The project’s special character contributes a great deal to the profile of Frieze London. The fair doesn’t see itself as a mere marketplace where around 160 of the most important galleries worldwide gather each year, but also as a cultural forum that attracts influential curators and museum people. Deutsche Bank recognized the fair’s potential from the very beginning and became a partner of Frieze London at its second edition and also, since its premiere in 2012, of Frieze Masters, which has further expanded its program to include works from antiquity to the 20th century. Together, the two fairs make it possible to experience art from almost all epochs and regions of the world.

As every year, Deutsche Bank maintains a presence at Frieze London with a lounge, where it presents works from the collection. This year, selected works by artists from the Mediterranean region are on view in a show titled “Sirocco.” Images by Kader Attia, Yto Barrada, and Zohra Bensemra present the region from a completely different perspective—beyond the images of crisis confronting us every day in the news. ArtMag is also present at the fair with a booth in the Reading Room, where this year’s newly designed presentation area is dedicated to art magazines.

Among the more interesting solo presentations at this year’s Frieze London are Ken Okiishi’s work at the booth of the Pilar Corrias Gallery. In 2013, for his Frieze Project, he had fair visitors produce abstract paintings with a paintball machine. This year, he presents new works from his series “gesture/data,” in which he combines gestural painting and video art.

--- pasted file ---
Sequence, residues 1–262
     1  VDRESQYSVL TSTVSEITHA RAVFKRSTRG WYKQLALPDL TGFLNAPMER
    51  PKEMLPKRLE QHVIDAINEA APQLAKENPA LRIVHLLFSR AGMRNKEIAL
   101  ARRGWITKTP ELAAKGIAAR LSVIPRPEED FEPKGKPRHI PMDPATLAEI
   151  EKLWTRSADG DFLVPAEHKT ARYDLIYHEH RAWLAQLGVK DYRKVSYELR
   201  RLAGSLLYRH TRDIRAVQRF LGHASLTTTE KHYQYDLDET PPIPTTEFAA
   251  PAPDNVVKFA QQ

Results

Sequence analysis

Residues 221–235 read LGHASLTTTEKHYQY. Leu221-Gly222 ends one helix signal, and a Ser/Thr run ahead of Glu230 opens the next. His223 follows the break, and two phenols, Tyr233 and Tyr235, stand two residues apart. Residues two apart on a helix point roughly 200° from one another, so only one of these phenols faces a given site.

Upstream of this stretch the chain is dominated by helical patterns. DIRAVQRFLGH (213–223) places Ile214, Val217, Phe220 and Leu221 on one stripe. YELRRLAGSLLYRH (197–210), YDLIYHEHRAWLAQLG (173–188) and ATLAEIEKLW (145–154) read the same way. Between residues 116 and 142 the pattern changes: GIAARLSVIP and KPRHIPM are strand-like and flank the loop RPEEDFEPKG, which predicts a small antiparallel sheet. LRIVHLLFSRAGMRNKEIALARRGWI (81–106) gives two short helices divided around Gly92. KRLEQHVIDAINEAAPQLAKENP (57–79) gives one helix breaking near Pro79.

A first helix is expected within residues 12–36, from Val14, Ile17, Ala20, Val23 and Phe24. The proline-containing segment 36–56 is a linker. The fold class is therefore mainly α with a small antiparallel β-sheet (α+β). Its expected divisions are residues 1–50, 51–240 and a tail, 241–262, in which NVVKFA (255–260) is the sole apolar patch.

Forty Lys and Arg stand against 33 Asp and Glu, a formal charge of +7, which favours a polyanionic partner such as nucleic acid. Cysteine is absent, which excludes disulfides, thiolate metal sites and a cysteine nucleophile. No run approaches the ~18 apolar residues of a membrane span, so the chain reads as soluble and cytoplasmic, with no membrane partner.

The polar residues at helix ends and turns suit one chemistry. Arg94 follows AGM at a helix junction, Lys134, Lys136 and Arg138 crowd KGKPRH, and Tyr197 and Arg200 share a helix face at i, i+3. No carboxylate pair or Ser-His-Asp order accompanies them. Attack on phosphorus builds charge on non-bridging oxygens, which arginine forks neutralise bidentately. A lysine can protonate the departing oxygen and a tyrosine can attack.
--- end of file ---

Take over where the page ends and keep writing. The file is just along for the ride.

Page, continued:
And the David Kordansky Gallery also shows how artists continue to develop the medium of painting today—with a show by Mary Weatherford, who augments her abstract-expressive canvases with neon bulbs.  

Of course, participants like Sadie Coles, Gagosian, Hauser & Wirth or Shanghart present mainly painting, sculpture, works on paper, and photography. Despite this, the performative and participatory are playing an increasingly important role for commercial galleries. This is why the section “Live” was initiated in 2014 and dedicated to works that can’t be hung in the living room. This year, artists from a wide variety of generations are represented here: the young Spanish artist Amalia Ulman investigates the social media, selfie, and celebrity craze of our time, promising, for Frieze, the possibility of an “intimate encounter,” as her announcement reads. On the other hand, the mythical, ceremonial works of the 1951-born Brazilian Tunga are situated in the tradition of the “alchemist” Joseph Beuys.